January seems like a good time to write about health and fitness. I have learned more about diet and exercise in the past five years than the 40+ previous years. This learning was prompted by the mid-life observation that I was obese. Yikes. I have turned that around completely and am fitter now than when I was 30. I’d like to share a fundamental lesson — diet is more important than exercise. Maybe this is a mistake only men make, but diet accounts for about 70% when it comes to weight loss. Exercise is important too, I give it 30%, but regular exercise is more for mental than physical health. I learned about diet from many sources and one important book is Geoff Bond’s Deadly Harvest.
Using research in nutritional anthropology, Bond asserts that humans are still tropical creatures and our diets best suited to that build. The human species emerged in East Africa over a million years ago, homo sapiens 190,000 years ago. It was only 60,000 years ago that we left Africa and migrated to the rest of the world. The Africa savanna was formative in the building of our bodies. Our homeland was savanna — open rolling grasslands, occasional trees and shrubs, many lakes and rivers depending on the season. The temperature was mild to hot with unpredictable rain storms. We shared our home with animals. Evidence for the savanna lifestyle is gathered from the San Bushmen. Women spent considerable time gathering plants and roots, concentrating on 15-20 species that were reliable to find. Men engaged in hunting, usually small game or larger ones with sporadic results. They were healthy and lived long lives. The savanna pattern continued for 2000 generations.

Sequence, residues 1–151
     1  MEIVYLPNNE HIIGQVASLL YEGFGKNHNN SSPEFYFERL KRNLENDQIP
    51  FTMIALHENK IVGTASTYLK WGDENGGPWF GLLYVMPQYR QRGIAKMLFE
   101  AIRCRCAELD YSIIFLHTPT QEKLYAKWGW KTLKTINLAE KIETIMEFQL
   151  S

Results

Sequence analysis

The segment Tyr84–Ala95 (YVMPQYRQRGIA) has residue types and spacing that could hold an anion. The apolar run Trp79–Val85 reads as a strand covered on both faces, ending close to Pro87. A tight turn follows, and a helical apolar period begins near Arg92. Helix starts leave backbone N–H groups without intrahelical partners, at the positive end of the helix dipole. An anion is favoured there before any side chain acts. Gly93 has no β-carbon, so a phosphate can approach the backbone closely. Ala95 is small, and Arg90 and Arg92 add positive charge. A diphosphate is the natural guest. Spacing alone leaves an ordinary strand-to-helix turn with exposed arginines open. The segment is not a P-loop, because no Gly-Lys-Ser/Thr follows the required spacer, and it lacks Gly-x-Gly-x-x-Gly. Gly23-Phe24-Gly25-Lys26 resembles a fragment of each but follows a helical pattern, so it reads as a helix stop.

About 11,000 years ago people started farming. Everything changed. Grains and legumes were introduced into our diets. Farming caused us to settle in fixed locations. Housing and property were established. Chemicals and fertilizers were invented. Mechanization and food processing expanded. Food was preserved and transported. Farming led to a diet for which our bodies were not designed and caused poor health, hence the book’s title, Deadly Harvest. Obesity is not a problem of excess but of want for good food.
Bond provides an “Owner’s Manual” for the human body, simple rules that have worked for me:
- Three-quarters of your diet should be low starch plants and fruits. Think greens and dark berries. My daily lunch is a hearty salad. Many dinners are stir-fry, soup or vegetable stew.
- One-quarter of your diet should be protein. I cured carb addiction with protein bars.
- A tenth of your calories should come from specific fats: Omega 3 and Omega 6. I am now pescetarian rather than vegetarian, i.e., I eat fish.
- Avoid grains, legumes and potatoes. They contain sub-lethal does of poison that our bodies cannot handle. I have greatly reduced my bread consumption, though I still like a hearty whole grain bread with my vegetable soups.
- Avoid dairy. Antigens attack our immunity.
- Feel hungry thirty minutes twice per day. Glucagon is the hormone that converts fat to sugar in the bloodstream. Blood sugar must be low to activate it. I allow for that hungry feeling late morning and late afternoon, i.e., no snacks.
I am not purist — I allow occasional indulgences in my diet — but this basic pattern has put me back on track to health. I hope it is of benefit to you.